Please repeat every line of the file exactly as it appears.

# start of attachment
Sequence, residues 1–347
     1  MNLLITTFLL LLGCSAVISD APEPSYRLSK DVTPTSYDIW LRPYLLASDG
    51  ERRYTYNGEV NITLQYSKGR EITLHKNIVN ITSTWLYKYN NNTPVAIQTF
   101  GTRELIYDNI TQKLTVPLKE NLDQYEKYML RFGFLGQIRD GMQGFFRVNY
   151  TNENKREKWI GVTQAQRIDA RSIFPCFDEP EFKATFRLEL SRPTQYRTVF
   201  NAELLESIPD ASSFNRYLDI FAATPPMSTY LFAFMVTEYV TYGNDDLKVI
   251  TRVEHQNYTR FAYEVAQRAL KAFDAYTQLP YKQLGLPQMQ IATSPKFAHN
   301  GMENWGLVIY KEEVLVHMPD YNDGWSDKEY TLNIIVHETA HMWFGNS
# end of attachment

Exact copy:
Sequence, residues 1–347
     1  MNLLITTFLL LLGCSAVISD APEPSYRLSK DVTPTSYDIW LRPYLLASDG
    51  ERRYTYNGEV NITLQYSKGR EITLHKNIVN ITSTWLYKYN NNTPVAIQTF
   101  GTRELIYDNI TQKLTVPLKE NLDQYEKYML RFGFLGQIRD GMQGFFRVNY
   151  TNENKREKWI GVTQAQRIDA RSIFPCFDEP EFKATFRLEL SRPTQYRTVF
   201  NAELLESIPD ASSFNRYLDI FAATPPMSTY LFAFMVTEYV TYGNDDLKVI
   251  TRVEHQNYTR FAYEVAQRAL KAFDAYTQLP YKQLGLPQMQ IATSPKFAHN
   301  GMENWGLVIY KEEVLVHMPD YNDGWSDKEY TLNIIVHETA HMWFGNS